University of New York Polytechnic. Prior to that, he had a 25-year career as an innovator and executive with IBM.

A national search for the next dean will begin this academic year. Details to be announced later this fall.

Rathnayake uses nanomaterials to develop affordable, efficient solar panels

photo of NanomaterialsImagine charging your cell phone outside using only a tiny sticker on the back – no cord or pad needed. Thanks in part to UNCG’s Dr. Hemali Rathnayake, solar-powered cell phones could be the wave of the future.

Alongside collaborators from University of Louisville, Rathnayake is developing smaller, more energy-efficient, environmentally-friendly, inexpensive solar panels. Her research has received $1.5 million in grant support from NASA, the National Science Foundation and other funders.
“Our goal is for you to be able to go to Walmart, buy your solar panel, pull off the sticker and put it on your window,” says Rathnayake, an associate professor in UNCG’s Joint School of Nanoscience and Nanoengineering. “That’s the dream. It needs to be plug and play.”

To meet this goal, she’s using carbon-based nanoparticles, roughly one-millionth of a millimeter in size, to build flexible solar panels. They’re bendable, making them useful in more places than existing rigid silicon panels. The unique structure of the particles, which incorporate many void spaces, also makes the panels lightweight.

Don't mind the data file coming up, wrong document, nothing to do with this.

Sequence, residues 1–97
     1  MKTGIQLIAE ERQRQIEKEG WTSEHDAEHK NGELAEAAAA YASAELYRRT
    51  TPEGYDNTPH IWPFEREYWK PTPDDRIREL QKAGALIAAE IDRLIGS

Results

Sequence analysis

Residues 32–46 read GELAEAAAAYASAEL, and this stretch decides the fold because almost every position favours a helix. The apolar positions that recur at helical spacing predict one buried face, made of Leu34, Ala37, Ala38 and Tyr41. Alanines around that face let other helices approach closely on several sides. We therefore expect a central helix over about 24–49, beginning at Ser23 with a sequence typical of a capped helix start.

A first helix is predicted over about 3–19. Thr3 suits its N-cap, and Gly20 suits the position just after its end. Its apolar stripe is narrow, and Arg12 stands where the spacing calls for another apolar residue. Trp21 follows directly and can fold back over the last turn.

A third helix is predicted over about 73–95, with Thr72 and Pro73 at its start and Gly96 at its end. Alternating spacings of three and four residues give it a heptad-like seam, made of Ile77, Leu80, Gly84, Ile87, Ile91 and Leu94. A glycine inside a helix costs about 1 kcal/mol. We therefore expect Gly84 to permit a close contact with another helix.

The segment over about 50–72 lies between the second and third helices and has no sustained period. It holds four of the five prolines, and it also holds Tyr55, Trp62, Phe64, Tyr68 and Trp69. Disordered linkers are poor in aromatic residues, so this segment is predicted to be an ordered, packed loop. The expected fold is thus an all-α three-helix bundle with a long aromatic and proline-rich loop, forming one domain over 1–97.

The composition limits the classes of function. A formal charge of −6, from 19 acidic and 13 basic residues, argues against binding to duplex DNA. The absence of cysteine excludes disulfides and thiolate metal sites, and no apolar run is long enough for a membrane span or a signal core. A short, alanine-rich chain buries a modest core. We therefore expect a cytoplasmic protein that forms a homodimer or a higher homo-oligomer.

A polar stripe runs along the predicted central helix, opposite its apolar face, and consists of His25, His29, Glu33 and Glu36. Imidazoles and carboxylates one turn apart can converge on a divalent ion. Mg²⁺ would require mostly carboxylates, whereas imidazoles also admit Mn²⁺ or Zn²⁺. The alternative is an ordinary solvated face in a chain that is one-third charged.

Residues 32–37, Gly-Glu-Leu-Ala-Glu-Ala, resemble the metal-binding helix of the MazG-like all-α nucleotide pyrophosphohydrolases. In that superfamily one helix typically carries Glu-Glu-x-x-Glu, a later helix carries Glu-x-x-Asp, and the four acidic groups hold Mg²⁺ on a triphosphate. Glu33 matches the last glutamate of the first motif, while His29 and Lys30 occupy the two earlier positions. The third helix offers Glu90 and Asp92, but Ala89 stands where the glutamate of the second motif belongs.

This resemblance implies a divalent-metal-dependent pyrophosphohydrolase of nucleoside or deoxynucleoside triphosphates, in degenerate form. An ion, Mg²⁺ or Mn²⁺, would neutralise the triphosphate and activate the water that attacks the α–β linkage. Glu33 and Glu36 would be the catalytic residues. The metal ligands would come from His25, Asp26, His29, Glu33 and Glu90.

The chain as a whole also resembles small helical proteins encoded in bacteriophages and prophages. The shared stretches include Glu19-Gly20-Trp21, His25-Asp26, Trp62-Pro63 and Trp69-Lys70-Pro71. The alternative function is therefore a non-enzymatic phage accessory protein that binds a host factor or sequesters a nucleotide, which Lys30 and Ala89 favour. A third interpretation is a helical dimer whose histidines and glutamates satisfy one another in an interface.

In addition to being small – roughly 4 centimeters by 8 centimeters – they use less sunlight energy to create the same amount of electricity as a silicon panel, she says. They produce voltage equivalent to a small battery, and, while they don’t outlast silicon panels, they do cut production costs by 25 percent. Carbon-based panels are also more environmentally friendly because they don’t include heavy metals that become toxic when processed.

Ultimately, she envisions being able to use a spray can, much like an airbrush used to paint a car, to coat the carbon solar cell solution on any surface.

Rathnayake is also interested in harnessing waste energy – energy produced, but not captured – for electricity production. In particular, she’s investigating thermoelectrics, the direct conversion of temperature differences into electric voltages.

She’s working on a device that uses body heat to power electronic devices. For example, the body heat you produce while jogging could be used to run – and recharge – the mp3 player playing your music.

Overall, she says, the impetus behind her research is bringing electricity to the public in a more effective, affordable form.

“I come from a country where sunlight is abundant, but electricity isn’t,” she says. “Electricity isn’t affordable for all families. That’s the reason we’re thinking about doing this in an environmentally-friendly, cheaper way.”

This post was adapted from a UNCG Research Magazine story written by Whitney J. Palmer. To read the full story and more, click here.

Volunteer for UNCG’s outreach at National Folk Festival

UNCG will have a role at the National Folk Festival like never before. Next week’s Campus Weekly will detail that community outreach and the festival itself.

Spartan volunteers are needed. Enjoy the sights and sounds of the National Folk Festival with fellow Spartans as we infuse downtown Greensboro with Spartan Spirit. Be sure to wear blue and gold.

UNCG University Communications seeks faculty, staff and all members of the campus community to help. Volunteers will hand out give-away items.

Volunteer shift options are in two-hour increments within the following time spans:

Friday, Sept. 8, 6-10 p.m

Saturday, Sept. 9, 12-9 p.m.

Sunday, Sept. 10, 12-9 p.m.

Register to volunteer here.